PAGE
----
To develop the characteristics of an innovator, dietitians need to step outside their comfort zones and begin doing the following:
• Dare, dream, and take risks. Dietitians must dare to apply their talents and expertise, and do what they’ve always dreamed of doing. For example, Barbara Storper, MS, RD, founded FoodPlay Productions, evidence-based national theater shows aimed at empowering children with the skills they need to make healthful lifestyle choices. And Jill Jayne, MS, RD, is the country’s only rock star nutritionist and an expert in creating and delivering interactive media about health to kids and families. Jayne created the live rock and roll nutrition show Jump With Jill, an audio CD, and the Nutrition Rock Invasion teacher toolkit to spread her health messages.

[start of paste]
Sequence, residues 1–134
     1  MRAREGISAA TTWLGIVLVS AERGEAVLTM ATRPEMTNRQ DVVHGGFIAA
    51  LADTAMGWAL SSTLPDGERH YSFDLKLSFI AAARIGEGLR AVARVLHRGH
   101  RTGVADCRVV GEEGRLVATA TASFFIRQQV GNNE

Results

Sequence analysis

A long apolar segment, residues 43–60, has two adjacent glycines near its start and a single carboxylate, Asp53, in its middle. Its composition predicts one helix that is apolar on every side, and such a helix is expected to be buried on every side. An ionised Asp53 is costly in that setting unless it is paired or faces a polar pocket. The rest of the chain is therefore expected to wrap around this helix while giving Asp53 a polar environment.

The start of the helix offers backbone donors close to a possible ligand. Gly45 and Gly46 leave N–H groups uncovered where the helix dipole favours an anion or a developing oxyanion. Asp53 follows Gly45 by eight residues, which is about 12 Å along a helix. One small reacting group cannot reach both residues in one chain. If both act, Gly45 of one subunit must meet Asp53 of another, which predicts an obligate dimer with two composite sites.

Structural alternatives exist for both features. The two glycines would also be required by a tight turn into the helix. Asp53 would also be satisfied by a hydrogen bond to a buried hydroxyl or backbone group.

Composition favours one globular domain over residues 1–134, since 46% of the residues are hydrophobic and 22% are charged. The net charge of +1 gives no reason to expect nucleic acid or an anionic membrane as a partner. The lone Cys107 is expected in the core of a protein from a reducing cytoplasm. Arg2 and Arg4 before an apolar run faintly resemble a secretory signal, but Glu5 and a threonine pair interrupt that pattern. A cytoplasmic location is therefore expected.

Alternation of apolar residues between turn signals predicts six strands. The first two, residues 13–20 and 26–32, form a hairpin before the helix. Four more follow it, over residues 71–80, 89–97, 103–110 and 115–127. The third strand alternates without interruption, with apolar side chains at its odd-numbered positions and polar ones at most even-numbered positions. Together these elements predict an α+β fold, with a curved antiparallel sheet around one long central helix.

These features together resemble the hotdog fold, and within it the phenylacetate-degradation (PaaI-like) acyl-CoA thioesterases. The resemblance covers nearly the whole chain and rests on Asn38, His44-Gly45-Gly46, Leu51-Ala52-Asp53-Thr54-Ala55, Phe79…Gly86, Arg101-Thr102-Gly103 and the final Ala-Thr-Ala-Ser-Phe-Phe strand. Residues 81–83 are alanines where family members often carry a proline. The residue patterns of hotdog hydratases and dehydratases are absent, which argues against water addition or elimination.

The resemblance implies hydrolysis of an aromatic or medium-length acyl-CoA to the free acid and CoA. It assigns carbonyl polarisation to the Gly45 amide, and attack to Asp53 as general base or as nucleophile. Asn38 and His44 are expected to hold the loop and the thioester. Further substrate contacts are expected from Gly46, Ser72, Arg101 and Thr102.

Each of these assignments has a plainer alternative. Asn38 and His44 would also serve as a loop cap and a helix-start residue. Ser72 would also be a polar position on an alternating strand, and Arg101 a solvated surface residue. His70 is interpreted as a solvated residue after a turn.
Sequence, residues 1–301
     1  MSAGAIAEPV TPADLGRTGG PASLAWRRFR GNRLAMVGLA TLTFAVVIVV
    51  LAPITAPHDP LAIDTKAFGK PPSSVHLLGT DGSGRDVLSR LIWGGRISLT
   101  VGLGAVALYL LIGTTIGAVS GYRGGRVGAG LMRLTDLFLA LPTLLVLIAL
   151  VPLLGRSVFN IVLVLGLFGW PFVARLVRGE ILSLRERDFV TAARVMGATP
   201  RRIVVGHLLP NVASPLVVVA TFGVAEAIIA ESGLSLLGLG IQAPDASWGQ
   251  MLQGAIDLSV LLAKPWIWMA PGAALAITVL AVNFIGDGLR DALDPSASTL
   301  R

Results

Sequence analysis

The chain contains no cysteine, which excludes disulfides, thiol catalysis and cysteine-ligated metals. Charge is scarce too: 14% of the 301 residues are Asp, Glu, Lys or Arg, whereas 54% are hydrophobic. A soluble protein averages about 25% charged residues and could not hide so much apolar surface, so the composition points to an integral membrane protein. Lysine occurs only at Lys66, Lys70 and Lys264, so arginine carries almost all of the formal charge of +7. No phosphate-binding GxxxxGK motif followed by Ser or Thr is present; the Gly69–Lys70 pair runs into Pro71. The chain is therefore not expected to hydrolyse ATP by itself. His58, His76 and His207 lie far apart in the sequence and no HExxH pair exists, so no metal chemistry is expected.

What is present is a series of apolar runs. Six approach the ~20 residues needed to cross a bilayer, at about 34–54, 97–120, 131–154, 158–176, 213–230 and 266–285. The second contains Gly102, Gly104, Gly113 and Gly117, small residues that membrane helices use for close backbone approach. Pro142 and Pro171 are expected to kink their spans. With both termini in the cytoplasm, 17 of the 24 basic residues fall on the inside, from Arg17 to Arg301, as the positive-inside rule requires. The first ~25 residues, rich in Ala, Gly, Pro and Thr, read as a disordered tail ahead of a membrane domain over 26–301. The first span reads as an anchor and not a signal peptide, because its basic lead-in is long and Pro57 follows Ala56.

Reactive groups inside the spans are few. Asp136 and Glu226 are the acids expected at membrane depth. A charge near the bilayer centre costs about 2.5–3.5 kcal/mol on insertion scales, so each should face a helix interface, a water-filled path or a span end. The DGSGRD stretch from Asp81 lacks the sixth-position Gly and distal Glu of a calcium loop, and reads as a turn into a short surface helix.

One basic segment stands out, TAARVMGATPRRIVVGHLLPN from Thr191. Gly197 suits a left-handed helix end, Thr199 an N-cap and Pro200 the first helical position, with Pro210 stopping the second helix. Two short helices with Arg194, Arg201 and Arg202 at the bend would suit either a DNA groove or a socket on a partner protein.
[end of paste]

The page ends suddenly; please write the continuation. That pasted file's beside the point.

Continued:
• Get trained and certified. RDs should specialize in different areas of the profession and obtain certification to demonstrate their knowledge and expertise. Certifications are available in areas such as gerontology, sports nutrition, pediatric nutrition, oncology, and renal nutrition.
• Cross-train. Dietitians can complement their nutrition training with other advanced degrees in business, communications, science, law, education, culinary arts, liberal arts, and performing arts to position themselves to serve in leadership roles.
Seize the Moment
As the nutrition profession continues to rapidly evolve and change, prompted by advances in technology, medicine, and nutrition science, it will be even more important for RDs and related professionals to educate themselves, keep abreast of the latest trends and research, and serve as true leaders in the food and nutrition field.